“Some schools have a pro bono requirement;
At Berkeley Law, we have a pro bono culture.”
Clinical Professor of Law
Berkeley Law’s Pro Bono Program offers students the opportunity to engage in meaningful client service as early as their first semester of law school. Students can apply to participate in our Student-Initiated Legal Services Projects (SLPS) or work independently with community organizations. Either way, students gain practical skills while bringing life-changing legal services to underserved communities. Students also earn hours toward the community service requirement for state bar requirements, summer public interest stipends (commonly referred to as “Dean’s Grants”) and recognition at Berkeley Law’s Public Interest and Pro Bono Graduation.
Student-Initiated Legal Services Projects (SLPS) are the heart of our Pro Bono Program and a vital part of the student experience at Berkeley Law. These pro bono projects are founded and operated by Berkeley Law students. Some date back decades; others began as recently as last semester. In each case, law students identified a legal need, recruited supervising attorneys, researched the relevant law, and enlisted classmates to bring legal services to under-served communities.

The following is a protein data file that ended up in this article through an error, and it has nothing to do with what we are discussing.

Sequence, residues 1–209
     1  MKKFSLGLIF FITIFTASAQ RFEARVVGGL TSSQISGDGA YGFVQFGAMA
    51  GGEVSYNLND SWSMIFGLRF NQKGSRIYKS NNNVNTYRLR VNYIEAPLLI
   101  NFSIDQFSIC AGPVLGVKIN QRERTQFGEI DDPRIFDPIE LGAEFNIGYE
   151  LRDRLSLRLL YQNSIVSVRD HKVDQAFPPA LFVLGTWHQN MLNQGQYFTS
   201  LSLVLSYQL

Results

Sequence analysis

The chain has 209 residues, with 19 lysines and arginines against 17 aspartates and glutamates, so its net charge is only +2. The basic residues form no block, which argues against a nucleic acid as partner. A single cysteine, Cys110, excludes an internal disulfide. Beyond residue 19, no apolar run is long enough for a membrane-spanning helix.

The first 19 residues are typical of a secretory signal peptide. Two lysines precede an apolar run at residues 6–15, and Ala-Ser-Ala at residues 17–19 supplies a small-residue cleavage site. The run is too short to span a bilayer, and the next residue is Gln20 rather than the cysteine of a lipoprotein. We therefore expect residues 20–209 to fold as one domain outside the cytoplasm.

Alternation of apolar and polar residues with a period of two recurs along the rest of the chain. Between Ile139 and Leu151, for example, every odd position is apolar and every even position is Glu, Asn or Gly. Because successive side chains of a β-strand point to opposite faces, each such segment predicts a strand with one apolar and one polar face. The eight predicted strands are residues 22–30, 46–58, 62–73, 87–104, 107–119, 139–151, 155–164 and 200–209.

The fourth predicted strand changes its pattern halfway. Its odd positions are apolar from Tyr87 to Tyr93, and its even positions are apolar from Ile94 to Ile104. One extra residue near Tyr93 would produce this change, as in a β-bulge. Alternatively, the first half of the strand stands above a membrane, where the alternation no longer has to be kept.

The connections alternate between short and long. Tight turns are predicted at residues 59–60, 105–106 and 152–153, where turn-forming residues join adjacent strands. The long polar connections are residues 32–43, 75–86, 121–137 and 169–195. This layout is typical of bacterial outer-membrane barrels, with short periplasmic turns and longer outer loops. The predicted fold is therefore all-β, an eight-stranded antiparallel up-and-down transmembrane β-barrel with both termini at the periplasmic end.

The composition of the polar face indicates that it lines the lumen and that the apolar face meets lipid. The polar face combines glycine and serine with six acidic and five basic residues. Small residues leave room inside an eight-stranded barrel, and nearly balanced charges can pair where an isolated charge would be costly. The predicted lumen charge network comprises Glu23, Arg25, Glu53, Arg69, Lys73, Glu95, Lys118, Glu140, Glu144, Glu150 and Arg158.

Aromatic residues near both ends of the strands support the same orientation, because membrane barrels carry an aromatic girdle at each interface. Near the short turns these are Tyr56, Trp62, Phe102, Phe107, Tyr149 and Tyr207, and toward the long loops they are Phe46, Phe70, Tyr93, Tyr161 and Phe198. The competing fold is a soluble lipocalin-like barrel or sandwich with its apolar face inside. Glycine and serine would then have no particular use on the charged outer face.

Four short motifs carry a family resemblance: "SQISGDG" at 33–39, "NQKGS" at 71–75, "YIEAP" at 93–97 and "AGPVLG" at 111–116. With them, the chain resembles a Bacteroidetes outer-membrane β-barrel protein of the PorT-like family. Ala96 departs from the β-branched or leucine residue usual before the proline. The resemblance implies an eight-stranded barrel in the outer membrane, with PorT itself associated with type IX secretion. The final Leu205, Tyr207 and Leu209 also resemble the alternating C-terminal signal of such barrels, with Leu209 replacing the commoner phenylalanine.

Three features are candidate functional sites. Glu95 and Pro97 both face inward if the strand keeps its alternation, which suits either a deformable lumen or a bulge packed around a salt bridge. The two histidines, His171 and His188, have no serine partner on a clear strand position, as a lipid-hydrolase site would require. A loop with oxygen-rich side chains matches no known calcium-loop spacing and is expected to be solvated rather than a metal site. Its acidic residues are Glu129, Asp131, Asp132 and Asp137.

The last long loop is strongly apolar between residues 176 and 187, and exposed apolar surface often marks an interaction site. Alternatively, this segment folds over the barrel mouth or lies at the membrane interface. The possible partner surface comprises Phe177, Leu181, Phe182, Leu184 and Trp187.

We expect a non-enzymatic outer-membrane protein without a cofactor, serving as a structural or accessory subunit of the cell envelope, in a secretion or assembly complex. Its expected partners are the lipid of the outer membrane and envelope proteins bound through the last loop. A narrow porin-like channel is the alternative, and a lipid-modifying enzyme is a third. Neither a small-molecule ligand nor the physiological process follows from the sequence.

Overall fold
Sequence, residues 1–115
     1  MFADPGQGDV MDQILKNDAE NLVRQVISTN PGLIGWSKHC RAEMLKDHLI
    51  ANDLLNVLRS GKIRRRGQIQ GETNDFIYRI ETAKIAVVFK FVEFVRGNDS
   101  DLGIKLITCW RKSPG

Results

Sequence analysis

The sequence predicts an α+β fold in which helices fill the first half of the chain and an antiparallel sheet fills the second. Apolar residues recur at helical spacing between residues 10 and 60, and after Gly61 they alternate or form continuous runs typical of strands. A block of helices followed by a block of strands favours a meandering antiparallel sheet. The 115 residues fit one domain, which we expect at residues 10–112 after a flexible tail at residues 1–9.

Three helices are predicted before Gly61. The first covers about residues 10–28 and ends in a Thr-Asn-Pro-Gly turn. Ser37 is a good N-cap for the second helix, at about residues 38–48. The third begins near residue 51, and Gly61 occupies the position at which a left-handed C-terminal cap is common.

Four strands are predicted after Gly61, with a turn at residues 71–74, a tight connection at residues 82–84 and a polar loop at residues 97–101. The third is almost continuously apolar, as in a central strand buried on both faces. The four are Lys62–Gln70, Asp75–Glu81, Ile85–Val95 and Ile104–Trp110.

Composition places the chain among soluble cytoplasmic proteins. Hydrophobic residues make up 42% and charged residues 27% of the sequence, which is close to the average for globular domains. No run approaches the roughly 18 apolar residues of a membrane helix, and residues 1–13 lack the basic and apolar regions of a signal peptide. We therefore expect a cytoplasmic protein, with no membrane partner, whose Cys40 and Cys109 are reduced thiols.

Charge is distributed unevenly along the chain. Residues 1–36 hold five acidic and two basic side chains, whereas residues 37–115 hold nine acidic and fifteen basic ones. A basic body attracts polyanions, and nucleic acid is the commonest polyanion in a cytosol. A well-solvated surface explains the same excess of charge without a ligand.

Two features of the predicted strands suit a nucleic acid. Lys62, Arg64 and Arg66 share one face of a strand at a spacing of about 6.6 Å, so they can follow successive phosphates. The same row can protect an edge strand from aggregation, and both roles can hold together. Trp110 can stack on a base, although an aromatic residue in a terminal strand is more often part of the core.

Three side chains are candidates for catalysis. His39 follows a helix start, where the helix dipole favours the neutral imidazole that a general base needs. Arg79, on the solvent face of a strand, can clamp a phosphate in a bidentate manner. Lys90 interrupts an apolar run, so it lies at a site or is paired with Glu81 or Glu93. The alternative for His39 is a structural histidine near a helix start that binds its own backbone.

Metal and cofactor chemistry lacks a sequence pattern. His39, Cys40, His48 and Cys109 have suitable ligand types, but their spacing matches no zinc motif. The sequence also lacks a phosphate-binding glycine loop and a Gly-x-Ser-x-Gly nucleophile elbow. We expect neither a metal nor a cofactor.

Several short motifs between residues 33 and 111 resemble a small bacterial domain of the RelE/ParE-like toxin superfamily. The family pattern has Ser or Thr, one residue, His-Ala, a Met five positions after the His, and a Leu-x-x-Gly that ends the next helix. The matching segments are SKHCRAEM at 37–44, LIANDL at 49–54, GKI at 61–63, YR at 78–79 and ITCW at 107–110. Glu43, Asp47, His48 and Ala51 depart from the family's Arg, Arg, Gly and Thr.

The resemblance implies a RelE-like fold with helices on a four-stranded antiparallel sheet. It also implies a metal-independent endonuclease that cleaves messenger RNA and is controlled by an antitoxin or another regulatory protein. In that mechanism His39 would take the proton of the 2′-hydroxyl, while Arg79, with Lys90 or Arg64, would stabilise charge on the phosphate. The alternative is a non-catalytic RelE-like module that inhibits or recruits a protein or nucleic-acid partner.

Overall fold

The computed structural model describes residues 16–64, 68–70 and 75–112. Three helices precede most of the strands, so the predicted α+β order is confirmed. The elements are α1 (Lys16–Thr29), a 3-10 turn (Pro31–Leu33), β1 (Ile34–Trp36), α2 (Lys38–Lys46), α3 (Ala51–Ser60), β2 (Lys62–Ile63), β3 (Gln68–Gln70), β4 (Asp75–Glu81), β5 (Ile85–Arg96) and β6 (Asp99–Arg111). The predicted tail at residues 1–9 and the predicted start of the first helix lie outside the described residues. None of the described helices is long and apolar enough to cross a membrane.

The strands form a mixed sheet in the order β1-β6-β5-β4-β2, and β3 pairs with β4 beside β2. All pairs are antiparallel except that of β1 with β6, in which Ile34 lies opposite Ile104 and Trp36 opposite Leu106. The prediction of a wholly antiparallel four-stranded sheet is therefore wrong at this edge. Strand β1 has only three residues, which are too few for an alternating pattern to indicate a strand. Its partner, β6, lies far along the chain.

Students also participate in other (non-SLPS) Pro Bono Opportunities.
For questions and additional information, please contact Diana DiGennaro, the Pro Bono Program Director, at email@example.com.
If you are a legal services organization seeking law students to assist with a pro bono project, please click here.
The Berkeley Law Pro Bono Program does not provide any direct legal assistance and does not refer individuals and organizations seeking assistance to private attorneys. Law students are not permitted to represent individuals in legal matters unless they are working under the supervision of a licensed attorney. Faculty members make individual decisions about pro bono projects; please contact them directly. Please do not telephone, e-mail or write to the Pro Bono Program with legal questions or requests for referrals as we are unable to respond to these inquiries. If you believe you need a lawyer, please contact your local bar association at sfbar.org or http://www.acbanet.org/ or the East Bay Community Law Center.
The California State Bar also provides resources for Californians who need help finding an attorney as well as ways to avoid fraud from notarios and other people posing as attorneys.